The 50 Best Beers in America. Pliny Tops the List.

Drum roll please… Zymurgy magazine just released its list of the 50 Best Beers in America, as voted on by its readers. We have the list below, along with the press release. Did your favorite make the list? Does anything about the list surprise you?

If nothing else, the list is a great conversation piece. This year Zymurgy tallied over 16,000 votes. Not surprisingly, the top of the list is lousy with heavily hopped beers. Is anyone really surprised at the lack of beers from the Pacific Northwest, other than three from Deschutes and one from Rogue? Our good friend Pliny finished at both the top and bottom of the list. That is interesting. I bet on the two Plinys to win and place.

Zymurgy is the area of applied science that addresses fermentation. Zymurgy magazine is the journal of the American Homebrewers Association. In other words, the people who vote in this poll are serious homebrewers from across the nation. Obviously, like any national publication, the majority of the readers likely reside in large population centers across the country. We all know where to find the greatest density of population in the United States. It is not the Pacific Northwest.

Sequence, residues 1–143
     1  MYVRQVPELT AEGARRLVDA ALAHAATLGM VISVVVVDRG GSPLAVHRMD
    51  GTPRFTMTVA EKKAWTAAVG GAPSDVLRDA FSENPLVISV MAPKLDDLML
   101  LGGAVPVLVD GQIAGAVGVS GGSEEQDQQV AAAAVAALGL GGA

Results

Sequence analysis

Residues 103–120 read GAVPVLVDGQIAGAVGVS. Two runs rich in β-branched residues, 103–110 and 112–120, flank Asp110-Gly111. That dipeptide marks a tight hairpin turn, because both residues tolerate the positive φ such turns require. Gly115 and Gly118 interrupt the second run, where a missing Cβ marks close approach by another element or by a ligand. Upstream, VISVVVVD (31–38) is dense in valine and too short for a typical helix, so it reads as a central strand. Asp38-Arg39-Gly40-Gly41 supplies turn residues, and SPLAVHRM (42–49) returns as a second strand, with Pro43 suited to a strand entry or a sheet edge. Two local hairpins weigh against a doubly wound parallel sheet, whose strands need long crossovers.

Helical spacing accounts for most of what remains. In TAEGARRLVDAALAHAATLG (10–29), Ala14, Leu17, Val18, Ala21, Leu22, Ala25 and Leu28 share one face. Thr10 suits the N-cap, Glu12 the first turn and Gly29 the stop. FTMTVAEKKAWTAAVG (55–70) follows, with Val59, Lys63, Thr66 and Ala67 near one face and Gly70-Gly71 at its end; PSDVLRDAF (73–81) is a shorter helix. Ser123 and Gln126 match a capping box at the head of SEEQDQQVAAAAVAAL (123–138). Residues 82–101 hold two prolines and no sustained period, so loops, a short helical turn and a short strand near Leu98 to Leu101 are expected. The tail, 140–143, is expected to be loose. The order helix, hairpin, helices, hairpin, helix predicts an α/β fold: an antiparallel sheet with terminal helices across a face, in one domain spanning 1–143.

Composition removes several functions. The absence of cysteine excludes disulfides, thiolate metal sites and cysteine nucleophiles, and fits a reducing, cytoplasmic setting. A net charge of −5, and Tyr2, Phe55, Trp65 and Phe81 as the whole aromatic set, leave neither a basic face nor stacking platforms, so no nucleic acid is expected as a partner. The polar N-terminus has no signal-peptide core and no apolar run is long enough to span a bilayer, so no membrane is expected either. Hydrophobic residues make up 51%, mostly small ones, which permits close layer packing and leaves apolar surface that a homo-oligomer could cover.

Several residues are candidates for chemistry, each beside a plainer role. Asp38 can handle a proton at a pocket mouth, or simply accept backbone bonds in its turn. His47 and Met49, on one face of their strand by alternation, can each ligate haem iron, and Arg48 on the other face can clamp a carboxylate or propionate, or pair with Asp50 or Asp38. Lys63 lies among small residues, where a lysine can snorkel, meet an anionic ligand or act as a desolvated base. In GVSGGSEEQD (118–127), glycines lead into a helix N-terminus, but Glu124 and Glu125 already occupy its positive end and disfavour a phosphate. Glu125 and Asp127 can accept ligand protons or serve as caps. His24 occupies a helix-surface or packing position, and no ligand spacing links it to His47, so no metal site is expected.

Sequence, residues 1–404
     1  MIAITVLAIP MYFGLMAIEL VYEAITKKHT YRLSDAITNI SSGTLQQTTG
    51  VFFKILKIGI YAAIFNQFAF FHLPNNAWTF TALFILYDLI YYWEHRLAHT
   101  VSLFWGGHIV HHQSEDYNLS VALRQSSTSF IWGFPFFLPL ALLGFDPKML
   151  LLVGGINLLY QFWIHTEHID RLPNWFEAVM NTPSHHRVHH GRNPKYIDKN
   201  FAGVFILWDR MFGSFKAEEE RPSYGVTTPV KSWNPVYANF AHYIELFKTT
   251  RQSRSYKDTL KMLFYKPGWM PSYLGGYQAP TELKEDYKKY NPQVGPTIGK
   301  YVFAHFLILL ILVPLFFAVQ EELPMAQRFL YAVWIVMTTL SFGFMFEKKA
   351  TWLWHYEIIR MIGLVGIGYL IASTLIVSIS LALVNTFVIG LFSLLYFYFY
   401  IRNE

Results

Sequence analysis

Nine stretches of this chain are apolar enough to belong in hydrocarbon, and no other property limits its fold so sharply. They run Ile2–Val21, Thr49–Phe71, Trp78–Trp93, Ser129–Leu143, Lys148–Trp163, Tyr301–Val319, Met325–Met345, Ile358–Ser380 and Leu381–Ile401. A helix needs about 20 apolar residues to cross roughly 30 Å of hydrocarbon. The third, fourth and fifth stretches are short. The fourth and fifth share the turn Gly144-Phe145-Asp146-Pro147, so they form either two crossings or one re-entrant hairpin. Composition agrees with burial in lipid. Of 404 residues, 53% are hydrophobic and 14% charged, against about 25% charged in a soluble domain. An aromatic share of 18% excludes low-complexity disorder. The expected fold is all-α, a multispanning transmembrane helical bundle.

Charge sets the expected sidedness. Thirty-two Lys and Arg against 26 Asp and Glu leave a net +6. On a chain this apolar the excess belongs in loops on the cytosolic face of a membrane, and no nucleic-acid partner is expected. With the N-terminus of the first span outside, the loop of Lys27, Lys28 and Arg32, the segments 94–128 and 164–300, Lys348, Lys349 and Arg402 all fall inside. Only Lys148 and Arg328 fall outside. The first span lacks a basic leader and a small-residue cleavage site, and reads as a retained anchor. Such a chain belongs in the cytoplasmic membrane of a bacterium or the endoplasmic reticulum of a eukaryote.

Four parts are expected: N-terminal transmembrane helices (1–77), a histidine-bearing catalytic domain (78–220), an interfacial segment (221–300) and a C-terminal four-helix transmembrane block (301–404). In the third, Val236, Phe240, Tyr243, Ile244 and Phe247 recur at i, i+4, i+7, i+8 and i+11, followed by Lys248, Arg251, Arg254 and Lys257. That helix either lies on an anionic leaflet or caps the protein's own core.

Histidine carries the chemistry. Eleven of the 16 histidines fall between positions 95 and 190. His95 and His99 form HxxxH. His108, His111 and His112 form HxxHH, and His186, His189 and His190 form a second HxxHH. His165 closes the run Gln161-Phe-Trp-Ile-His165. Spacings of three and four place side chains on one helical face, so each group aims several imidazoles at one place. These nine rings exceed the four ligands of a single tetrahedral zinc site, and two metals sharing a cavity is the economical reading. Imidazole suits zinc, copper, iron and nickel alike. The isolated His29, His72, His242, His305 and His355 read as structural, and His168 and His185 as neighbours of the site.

In my humble opinion, beer is almost entirely subjective. A good beer is one that I like. A bad beer is one that is spoiled or patently flawed. I tend to either like or dislike a particular beer. The word “best” doesn’t really work. I can pick a favorite, but I am not vainglorious enough to presume that I know which is best. But I get the point of the reader poll. It is what it is.

The 50 Best Beers in America

1. Russian River Pliny the Elder

2. Bell’s Two Hearted Ale

3. Dogfish Head 90 Minute IPA

4. Sierra Nevada Pale Ale

5. Stone Arrogant Bastard Ale

6. Bell’s Hopslam

7. Sierra Nevada Celebration

8. Stone Ruination IPA

9. Sierra Nevada Torpedo

10. North Coast Old Rasputin